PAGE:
Glenbrook South Year-End Projects

The Physics of Musical Instruments

Basic Research Questions

 

Your role as researcher for this project involves acquiring a wealth of technical information about the ability of musical instruments to produce sound and the characteristics of the sounds which they produce. The process of conducting a literature search should yield some basic information about waves, wave behavior, sound, music, harmonics, standing waves and musical instruments. Some basic topics for research and ultimate discussion have been listed below to assist you in the initial stages of your literature search. The role of this listing is to provide an initial framework for your literature search and not a conclusive list of topics to be discussed. Your group is expected to go beyond these topics, exploring diverse areas of individual interest about sight and sound in nature.

  1. Explain what a wave is and distinguish it from other forms of energy transfer.
  2. Define and distinguish between the different ways of categoring waves.
  3. Using words and diagrams, describe the various properties of a wave.
  4. Using words and diagrams, describe a variety of behaviors and phenomenon associated with waves, including such behaviors and phenomenon as interference, superposition, the doppler effect, the formation of bow waves and shock waves, diffraction, refraction, reflection, and absorption.
  5. Define what a standing wave is and explain how it is formed using words and diagrams; discuss the formation of nodes and antinodes and the mathematical relationship between the length of a medium and the wavelength of a standing wave for any given standing wave pattern.
  6. Describe the basic nature of a sound wave.
  7. Explain how sound waves are produced and how sound waves are propagated through a medium such as air or water.
  8. Describe the various properties of sound waves (intensity, frequency, wavelength, speed, amplitude) and relate these properties to the observable features of sound.
  9. Distinguish between music and noise.
  10. Explain the general means by which any musical instrument produces its sound and explain specifically how different types of instruments (string instruments and air column instruments) produce their various sounds.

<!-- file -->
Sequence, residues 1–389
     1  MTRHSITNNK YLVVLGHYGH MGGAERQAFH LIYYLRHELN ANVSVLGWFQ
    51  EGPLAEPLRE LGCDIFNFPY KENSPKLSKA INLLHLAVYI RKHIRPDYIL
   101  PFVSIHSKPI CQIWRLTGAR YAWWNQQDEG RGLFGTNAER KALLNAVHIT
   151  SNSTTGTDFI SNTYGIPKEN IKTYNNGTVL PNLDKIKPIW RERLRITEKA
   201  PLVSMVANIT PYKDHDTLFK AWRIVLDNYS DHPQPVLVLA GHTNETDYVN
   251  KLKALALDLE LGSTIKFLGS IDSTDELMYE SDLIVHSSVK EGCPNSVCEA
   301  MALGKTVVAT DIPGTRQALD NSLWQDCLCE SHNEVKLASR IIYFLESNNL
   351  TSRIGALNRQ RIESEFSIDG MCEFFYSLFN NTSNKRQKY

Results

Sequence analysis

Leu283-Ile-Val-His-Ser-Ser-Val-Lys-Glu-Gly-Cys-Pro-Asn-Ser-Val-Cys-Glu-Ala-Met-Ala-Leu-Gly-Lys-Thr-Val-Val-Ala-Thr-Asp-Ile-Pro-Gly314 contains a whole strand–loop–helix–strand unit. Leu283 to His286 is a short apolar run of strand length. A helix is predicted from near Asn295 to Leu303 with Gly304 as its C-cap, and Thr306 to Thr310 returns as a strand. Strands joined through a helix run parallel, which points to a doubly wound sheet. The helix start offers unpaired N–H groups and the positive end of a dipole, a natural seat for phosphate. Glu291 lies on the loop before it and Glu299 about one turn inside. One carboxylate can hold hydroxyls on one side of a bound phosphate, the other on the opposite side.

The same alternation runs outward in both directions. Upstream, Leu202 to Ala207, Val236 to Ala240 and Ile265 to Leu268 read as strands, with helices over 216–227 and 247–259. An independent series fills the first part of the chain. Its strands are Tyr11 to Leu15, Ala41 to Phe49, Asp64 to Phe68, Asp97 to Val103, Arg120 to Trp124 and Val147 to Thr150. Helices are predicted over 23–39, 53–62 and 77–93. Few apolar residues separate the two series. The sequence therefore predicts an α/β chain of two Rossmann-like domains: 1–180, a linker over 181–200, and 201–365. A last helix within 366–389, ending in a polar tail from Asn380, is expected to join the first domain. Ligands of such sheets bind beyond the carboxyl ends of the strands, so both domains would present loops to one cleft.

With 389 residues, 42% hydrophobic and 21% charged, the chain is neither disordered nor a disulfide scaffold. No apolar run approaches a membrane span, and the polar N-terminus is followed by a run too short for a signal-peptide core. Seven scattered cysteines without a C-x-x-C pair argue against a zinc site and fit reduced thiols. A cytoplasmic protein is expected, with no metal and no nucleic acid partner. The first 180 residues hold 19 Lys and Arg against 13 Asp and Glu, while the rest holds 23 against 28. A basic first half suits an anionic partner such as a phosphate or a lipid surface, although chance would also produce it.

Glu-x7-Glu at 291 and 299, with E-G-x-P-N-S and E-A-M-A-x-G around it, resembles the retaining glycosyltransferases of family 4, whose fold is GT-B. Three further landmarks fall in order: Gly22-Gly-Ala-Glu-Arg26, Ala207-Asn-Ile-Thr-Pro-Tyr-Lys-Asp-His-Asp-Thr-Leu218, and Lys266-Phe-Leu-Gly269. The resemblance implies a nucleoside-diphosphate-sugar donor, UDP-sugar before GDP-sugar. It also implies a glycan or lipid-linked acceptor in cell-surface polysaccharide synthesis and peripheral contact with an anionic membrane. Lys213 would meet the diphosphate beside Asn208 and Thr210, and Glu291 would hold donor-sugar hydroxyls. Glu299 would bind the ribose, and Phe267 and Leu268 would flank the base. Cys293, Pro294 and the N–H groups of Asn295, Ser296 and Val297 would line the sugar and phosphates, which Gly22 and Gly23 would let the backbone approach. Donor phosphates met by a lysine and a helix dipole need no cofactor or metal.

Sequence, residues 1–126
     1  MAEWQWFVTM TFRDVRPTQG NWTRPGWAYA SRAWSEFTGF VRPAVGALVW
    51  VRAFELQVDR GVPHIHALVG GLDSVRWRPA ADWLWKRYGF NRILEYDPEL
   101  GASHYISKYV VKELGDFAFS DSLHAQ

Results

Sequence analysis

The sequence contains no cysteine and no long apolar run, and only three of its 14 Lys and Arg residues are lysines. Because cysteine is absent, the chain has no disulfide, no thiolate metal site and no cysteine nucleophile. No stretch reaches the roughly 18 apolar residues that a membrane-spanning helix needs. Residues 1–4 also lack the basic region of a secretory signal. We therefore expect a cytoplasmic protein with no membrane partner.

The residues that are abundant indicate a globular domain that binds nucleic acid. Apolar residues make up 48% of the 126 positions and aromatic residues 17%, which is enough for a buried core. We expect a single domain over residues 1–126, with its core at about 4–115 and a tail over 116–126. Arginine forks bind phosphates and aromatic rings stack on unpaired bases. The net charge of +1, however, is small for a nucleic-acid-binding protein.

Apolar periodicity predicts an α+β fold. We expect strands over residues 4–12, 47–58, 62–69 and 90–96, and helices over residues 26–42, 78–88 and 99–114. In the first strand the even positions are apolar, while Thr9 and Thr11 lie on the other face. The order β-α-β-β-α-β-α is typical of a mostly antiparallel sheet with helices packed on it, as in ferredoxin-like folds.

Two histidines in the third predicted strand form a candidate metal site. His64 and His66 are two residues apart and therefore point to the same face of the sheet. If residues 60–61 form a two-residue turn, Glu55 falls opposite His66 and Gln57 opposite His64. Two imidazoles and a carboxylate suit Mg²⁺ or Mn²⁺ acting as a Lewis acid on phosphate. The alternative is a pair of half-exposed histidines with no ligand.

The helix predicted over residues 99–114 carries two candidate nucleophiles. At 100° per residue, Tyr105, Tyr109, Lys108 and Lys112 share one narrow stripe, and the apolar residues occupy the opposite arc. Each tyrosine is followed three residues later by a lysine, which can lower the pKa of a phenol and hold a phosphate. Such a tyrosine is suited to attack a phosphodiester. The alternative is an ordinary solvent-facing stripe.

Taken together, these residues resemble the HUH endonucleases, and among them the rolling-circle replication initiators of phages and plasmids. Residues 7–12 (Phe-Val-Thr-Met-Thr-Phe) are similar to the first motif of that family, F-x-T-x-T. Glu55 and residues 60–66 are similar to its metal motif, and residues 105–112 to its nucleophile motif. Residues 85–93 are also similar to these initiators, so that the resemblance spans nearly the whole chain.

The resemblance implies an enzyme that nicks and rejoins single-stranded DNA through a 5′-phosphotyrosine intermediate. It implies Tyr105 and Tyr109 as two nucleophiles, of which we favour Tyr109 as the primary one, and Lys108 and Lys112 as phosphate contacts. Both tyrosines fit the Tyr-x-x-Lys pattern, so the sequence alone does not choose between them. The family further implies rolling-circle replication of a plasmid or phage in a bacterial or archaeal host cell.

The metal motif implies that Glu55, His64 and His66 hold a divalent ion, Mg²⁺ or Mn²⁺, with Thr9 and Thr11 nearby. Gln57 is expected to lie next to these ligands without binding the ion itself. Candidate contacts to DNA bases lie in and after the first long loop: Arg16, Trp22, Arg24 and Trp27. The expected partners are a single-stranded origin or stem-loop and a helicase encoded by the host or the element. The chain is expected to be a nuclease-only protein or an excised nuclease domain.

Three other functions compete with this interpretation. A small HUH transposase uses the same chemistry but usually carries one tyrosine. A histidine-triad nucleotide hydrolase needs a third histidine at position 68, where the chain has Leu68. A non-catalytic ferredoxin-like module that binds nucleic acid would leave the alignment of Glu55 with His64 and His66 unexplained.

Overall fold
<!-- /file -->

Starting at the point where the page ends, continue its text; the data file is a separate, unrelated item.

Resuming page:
11. Discuss the concept of resonance and explain how certain objects resonate at a particular frequency or set of frequency; give examples using both numerical values and standing wave diagrams.
  12. Define and discuss the concepts of fundamental frequency and the harmonics produced by an instrument; explain the mathematical relationships between the frequencies produced by various instruments.
  13. Use standing wave diagrams, mathematical relationships, and the features of an instruments (and its medium) to explain how specific frequencies are created by specific instruments - including string instruments and open- and closed-end air column instruments.
  14. Discuss the concepts of timbre, consonance and resonance.
  15. Describe what beats are and how they are produced; explain what a beat frequency is and discuss some practical applications of the use of beats and beat frequencies by musicians.
  16. Identify a few selected instruments of interest and discuss the some of the variables which are important in the construction of those instruments and explain how instrument makers are able to control these variables.
  17. Identify a few selected instruments of interest and discuss what is known about a typical waveform for a sound produced by such instruments and how such sounds can be considered a combination of waves of various frequencies.
  18. Discuss the concept of a Fourier Transfrom or a fourier analysis and explain how such an analysis can be used in the analysis of a musical instrument.
  19. Relate the concept of timbre or tonal quality to the customary psychological response of a human to a musical sound.

 


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Tom Henderson

Howard Jenewein

John Lewis

Neil Schmidgall

Dave Smith

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Brian Wegley


Questions and comments can be sent to Tom Henderson.

This page last updated on 2/22/98.